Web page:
For the sake of argument, student competitors addressed every hot topic imaginable at the annual District of Columbia Urban Debate League’s (DCUDL) Citywide Championship held at McKinley Tech High School on May 15. Twelve diverse high school teams from across the Washington metropolitan area drew a crowd of nearly 200 spectators anxious to witness the debating skills of students focused and committed to be the best at nailing their opponents to the wall with calculated arguments and intellect.

Should juveniles receive life sentences? Will the current health care legislation further damage a battered economy? Do full body scanners constitute an invasion of privacy? These were just a few of the questions that impassioned teammates debated during the day-long event.

McKinley’s spirited young contenders got the competition off to a rousing start as they chanted and cheered to a call-and-response round of “Whose house? Our house!” And when the dust finally settled, McKinley had successfully defended the city championship title against strong competition from Cesar Chavez School of Public Policy, second place, and School Without Walls, third place.

McKinley was anchored by the stellar teams of: Ikechukwu Umez-Eronini/ Marian Koroma/ Naseechah Savannah (4 – 0); Kendra Pridgen/James Privette/Cierra Mayo (3 – 1); Tori Dugger/Christopher Holness/Ebony Gibbs (3 – 1); Jessy Beach/Trisha Ibeh/Timothy Brown (2 – 2 ); Adrian Johnson/Edward Brooks/Lonnell Butler (2 – 2); Henry Manning/Maurice Rucker/Alexis Paige-Glenn (2 – 2); Vondrea Hughes/Elisa Jernigan/Ashley Allen (2 – 2); and Sarah Bellamy/Owen Blagrove/Kevin Jackson (1 – 3).

“It is the culmination of a year of hard work and growth,” said debate coach and McKinley Tech English teacher Mark Roberts, who has mentored the team for five years, since the high school – located at Second and T streets, N.E. – reopened. “This group came to me fresh in September and to see their progression ‘til now is what teaching is about.”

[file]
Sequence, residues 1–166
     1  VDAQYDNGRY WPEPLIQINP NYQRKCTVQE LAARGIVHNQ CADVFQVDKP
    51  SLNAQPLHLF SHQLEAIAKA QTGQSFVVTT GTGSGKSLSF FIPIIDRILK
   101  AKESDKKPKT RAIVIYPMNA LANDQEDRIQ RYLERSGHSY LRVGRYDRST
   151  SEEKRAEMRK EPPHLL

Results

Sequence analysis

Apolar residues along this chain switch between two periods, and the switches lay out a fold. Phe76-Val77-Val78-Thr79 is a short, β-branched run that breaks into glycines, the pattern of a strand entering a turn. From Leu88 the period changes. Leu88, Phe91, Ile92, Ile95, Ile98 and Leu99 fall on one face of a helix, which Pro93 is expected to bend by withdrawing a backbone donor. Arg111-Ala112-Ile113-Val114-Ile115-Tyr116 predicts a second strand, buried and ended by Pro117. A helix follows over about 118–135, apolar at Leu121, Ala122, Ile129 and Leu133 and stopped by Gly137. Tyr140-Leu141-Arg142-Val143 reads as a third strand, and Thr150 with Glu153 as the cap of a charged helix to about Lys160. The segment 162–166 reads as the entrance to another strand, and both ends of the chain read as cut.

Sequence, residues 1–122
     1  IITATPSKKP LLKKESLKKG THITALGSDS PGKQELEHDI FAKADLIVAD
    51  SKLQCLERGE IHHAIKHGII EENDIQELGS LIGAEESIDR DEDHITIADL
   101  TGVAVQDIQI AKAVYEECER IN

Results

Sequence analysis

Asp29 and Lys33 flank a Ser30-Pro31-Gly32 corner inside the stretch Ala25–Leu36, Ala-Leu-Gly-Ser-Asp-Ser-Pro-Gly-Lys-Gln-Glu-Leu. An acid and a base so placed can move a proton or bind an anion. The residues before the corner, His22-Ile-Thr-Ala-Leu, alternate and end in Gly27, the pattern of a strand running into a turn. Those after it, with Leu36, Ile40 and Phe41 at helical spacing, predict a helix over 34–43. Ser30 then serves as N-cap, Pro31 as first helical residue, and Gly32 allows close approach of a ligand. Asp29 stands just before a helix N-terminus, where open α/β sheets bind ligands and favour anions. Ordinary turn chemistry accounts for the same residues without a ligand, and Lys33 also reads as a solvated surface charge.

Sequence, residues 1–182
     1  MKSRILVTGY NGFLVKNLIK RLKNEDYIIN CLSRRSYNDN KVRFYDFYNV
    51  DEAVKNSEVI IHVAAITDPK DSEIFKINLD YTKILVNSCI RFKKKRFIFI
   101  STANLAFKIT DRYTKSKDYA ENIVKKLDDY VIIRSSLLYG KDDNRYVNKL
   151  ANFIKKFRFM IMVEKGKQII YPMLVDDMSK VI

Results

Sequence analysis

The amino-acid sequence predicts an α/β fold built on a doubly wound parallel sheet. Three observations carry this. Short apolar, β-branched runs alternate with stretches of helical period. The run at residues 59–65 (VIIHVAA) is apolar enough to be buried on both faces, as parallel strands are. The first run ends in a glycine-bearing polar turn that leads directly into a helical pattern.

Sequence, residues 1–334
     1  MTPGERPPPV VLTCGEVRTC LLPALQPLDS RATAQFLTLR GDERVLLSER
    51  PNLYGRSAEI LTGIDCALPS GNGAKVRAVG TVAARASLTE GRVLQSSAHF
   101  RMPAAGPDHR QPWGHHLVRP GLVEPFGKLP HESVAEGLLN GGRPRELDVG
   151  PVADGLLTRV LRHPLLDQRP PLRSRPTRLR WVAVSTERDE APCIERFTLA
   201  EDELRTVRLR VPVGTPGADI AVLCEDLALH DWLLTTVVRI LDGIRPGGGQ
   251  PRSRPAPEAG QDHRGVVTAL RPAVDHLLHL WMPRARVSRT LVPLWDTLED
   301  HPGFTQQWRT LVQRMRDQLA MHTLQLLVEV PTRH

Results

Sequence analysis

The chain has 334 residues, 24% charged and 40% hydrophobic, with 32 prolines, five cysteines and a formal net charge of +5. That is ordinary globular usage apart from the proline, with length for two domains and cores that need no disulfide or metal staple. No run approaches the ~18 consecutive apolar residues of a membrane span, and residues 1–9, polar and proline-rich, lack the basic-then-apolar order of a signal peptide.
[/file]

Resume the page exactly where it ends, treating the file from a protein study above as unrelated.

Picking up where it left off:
Roberts says he has witnessed a steady trend toward more private and charter schools entering the mix. With eight teams, McKinley currently boasts the largest group in the city.

Aspiring lawyer, senior, Timothy Brown, said he is motivated to become a great debater because debating has helped him overcome stuttering. He proudly remembers an experience during one debate when a judge compared his diction and tone to the great orations of Dr. Martin Luther King Jr.

A seasoned debater, college-bound McKinley senior Trisha Ibeh was determined to exit as a champion. “This is my last high school debate and it’s very important that my team ends up on top,” she explained. “We want to be politicians, we want to be lawyers…this will actually affect our lives so it is very important to us.”

Following a judges preliminary review of the ground rules, debater Candice Jones of Woodstream Christian Academy, of Mitchellville, Md., spoke in the first round to argue in favor of the January 5-4 Supreme Court ruling which rejected limits on corporate spending in political campaigns. Countering with an energetic rebuttal, McKinley’s Marian Koroma argued in the opposing voice, saying that limits on corporate spending was not a violation of free speech. Other young debaters followed with pros and cons.

McKinley senior and debater Ikechukwu Umez-Eronini is headed for George Washington University in the fall. He says that the debate experience definitely gave a boost to his resume. “It was talked about extensively in the college interview process,” he said.

Umez-Eronini remembers his greatest moment saying, “I felt like, ‘Wow. I’ve actually accomplished something…. I’ve gone from being a Kobe to being a Michael Jordan. Not only was I winning but the team was winning as well,’” he said.

Arthur Mcunu, a 15-year-old at Woodstream explained, “My father grew up during apartheid in South Africa yet he was a debater and he excelled. Debating shows that as African Americans, we can put down the ball and pick up a book and actually be scholars.”

Fourteen-year-old Sierra Boyd agreed. Boyd says that she would like to see more African- American students get involved because “it gets us more informed about the world.”

The McKinley Classes of 1975 and 1974 worked with their alma mater to adopt and co-sponsor this year’s championship debate team.